Battles are the kings of experimental rock on La Di Da Di

The term and genre of experimental rock is a broad and very deep rabbit hole that one can choose to fall down if they so desire to have their mind expanded to the seams. It’s the type of genre that you will usually find loitering in the car park with other rock genres that have words like post, art, math or progressive preceding them. Be warned, this genre will challenge your auditory senses whether you want it to or not and when done right, euphoria is the feeling you might feel stirring inside.

Battles La Di Da Di

Step into the lab of mad scientists Battles and their third full-length album La Di Da Di. Bold and expressive it’s an insane journey into the unknown.

Experimental rock group Battles has done exactly that with the release of La Di Da Di, an album nothing short of a mind bending auditory journey that has left us wanting to take it over and over again. No stranger to the eccentric, Battles has been challenging our states of mind since 2002, releasing EP C, B EP (2004), Mirrored (2007) and Gloss Drop (2011). But it truly feels like with the release of La Di Da Di we are seeing not just a congregation of three incredible musicians, but a fully formed beast chomping at the bit to push the possibilities of sound, vision and what ‘music’ means. If you don’t believe us just take a look at their latest video for Dot Net.

Opening track The Yabba really sets the tone for the album releasing unto us a manic, pulsating groove that at times seems unstoppable as effected guitars twang with oriental inspiration. It’s a track that builds and builds and just when you think it can’t possibly add anything more to its already dense layer cake, it builds some more. The captivating aspect is the song never seems lost for direction, even while in the depths of the frenzied world it’s created, in fact Battles manage to seamlessly break the song down and integrate it in to the following track Dot Net, that proves to be a groove-laden and tweaked world of it’s own. Keep in mind this has all taken place in the first two tracks.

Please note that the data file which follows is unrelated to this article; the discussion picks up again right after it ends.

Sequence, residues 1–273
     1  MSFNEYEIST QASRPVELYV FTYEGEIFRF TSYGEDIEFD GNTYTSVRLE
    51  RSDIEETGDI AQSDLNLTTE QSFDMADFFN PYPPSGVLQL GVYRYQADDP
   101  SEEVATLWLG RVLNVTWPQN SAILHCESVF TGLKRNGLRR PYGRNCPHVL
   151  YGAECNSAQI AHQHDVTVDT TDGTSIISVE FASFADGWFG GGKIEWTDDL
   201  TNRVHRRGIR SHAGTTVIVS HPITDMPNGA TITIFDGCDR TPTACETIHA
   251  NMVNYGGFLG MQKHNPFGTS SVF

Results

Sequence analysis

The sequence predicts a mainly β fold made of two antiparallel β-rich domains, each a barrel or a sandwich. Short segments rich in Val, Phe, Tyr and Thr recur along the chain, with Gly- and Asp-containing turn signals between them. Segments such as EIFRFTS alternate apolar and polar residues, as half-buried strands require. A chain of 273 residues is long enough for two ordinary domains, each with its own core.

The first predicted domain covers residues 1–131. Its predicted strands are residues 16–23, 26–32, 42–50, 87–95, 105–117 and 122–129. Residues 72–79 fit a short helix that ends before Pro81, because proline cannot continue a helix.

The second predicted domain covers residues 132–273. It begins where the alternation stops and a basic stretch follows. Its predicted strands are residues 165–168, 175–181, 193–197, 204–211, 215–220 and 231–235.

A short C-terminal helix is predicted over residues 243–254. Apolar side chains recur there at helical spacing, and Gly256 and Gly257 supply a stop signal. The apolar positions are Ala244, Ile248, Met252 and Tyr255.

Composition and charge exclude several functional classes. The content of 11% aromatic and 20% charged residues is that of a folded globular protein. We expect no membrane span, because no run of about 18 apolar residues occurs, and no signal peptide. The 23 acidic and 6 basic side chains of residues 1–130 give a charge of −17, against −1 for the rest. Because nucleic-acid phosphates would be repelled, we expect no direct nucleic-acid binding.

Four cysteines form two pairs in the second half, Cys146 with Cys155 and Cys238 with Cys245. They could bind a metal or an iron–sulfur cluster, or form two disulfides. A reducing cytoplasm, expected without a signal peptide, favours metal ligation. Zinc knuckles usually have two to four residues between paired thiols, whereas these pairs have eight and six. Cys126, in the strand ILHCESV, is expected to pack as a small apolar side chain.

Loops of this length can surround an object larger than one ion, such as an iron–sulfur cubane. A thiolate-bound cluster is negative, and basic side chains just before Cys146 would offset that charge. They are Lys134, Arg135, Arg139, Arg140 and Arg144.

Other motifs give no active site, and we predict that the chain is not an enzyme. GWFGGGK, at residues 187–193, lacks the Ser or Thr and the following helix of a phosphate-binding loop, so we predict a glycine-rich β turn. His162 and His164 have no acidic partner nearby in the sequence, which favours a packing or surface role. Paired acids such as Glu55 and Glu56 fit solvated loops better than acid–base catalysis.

The energy is palpable from the start and they manage to keep it oozing from every song, an impressive feat with twelve tracks of instrumental madness. If you were looking for comparison, the electronic aspects of their songs are at sometimes reminiscent of Canadian act Holy Fuck, but really Battles are in a league of their own. It’s a band exploring every avenue of sound that presents itself, whether that be grinding and somewhat uncomfortable like in Summer Simmer or short, sweet with an ominous overtone like in Tyne Wear. Whatever you call them, this is a band not afraid to push boundaries.

Album standouts Dot Com and Megatouch showcases how the band really wants each song to inhabit its own universe, a world in which to suck the listener in. There is no doubt Ian Williams (keyboards / guitar) and Dave Konopka (bass, guitar, effects) are having a blast creating the glitchy, melodic and jarring riffs to tamper with your ear holes but props must definitely go to drummer Jon Stanier for creating the rock solid grooves, jazz influenced beats and general backbone for all this madness to take place. Despite each song playing in it’s own distinct world, the album manages to never feel disjointed or confused, in amongst the smorgasbord of sound it feels like there is a clear path the album is on.

It’s as if Battles know that our own transient journeys are bound to get a little strange at some point so they are aiming to provide us with an adept soundtrack. The biggest thing to take away from this album is that you have to actually listen to it and be ready to do so. It’s not something to throw on causally; it will most prove a jarring result. They don’t call it experimental for nothing and if you are willing to be part of the experiment, it is one hell of a result.

Be sure to catch the band when they’re in the country for Laneway next year, not to mention to sneaky headline gigs at on February 10 and 12 at Sydney’s Manning Bar and Melbourne’s Max Watts respectively.